I have officially decided that I can’t stand the way kids are taught math. Chloe’s school uses the Everyday Mathematics series and I hate it.

Today’s assignment involved data collection – mode, median, range. Not particularly complicated, except when the fact pattern is not clearly explained. Kids collect pill bugs (what the hell are pill bugs?). But how to calculate the total number of pill bugs collected? When the data indicates in a chart that three kids collected two pill bugs – does that mean a total of six were collected for the group or just two?
Needless to say, I needed to scour the web to try to find the answers so that I wouldn’t mislead my daughter and further confuse her. Luckily, we have the internet. Because a nice teacher somewhere in the US had posted the answers to this particular exercise. It turns out that no multiplication was involved – and that the three kids collected a total of two pill bugs. Had I not found the answers, I would have steered my child toward the wrong answers, making her (GASP!) do multiplication when it wasn’t necessary.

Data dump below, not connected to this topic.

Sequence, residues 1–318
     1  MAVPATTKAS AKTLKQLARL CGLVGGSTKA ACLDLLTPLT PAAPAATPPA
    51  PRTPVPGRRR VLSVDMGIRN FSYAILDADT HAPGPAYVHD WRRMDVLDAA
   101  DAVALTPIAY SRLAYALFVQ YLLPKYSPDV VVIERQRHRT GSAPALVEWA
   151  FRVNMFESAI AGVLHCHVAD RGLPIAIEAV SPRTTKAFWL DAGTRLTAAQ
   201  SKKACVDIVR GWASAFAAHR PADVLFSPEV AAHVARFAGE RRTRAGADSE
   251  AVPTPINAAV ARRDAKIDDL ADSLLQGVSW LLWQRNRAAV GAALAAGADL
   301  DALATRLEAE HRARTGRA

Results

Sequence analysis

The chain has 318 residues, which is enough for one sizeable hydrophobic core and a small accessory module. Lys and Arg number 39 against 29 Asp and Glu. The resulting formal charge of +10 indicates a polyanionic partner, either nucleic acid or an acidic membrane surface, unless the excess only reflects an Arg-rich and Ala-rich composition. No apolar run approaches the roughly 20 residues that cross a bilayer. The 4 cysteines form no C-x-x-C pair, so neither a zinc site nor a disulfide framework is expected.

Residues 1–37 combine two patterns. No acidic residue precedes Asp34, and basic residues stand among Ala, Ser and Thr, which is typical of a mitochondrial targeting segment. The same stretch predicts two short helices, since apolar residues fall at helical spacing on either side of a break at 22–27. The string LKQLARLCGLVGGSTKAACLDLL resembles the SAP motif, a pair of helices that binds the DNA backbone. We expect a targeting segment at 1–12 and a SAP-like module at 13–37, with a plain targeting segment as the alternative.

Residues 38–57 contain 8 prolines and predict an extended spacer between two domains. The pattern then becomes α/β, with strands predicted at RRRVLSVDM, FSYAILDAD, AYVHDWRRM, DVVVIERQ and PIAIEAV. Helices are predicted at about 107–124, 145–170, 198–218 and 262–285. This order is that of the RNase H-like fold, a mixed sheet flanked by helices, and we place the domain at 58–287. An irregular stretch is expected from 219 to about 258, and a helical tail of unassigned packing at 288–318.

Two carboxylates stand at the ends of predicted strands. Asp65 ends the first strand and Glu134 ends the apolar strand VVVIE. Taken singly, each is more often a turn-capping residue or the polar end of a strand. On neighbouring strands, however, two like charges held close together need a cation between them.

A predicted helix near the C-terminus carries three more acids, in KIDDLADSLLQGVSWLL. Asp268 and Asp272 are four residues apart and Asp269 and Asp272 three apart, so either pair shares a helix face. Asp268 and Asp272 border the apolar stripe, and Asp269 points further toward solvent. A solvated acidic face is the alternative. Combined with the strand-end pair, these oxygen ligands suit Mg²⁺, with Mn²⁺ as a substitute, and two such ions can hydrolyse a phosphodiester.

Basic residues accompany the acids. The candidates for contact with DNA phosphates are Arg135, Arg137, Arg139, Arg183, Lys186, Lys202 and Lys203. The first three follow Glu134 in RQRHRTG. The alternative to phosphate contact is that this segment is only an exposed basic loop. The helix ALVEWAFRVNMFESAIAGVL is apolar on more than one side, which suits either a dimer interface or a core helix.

And this is just one example – what was wrong with the way we learned math when I was a kid? I can multiply in my head. We memorized the multiplication tables. I don’t use my fingers. And I don’t need a calculator to do basic math. I was a great math student, and I suspect that when Chloe starts to learn algebra I’ll have no clue what the hell she’s supposed to do.

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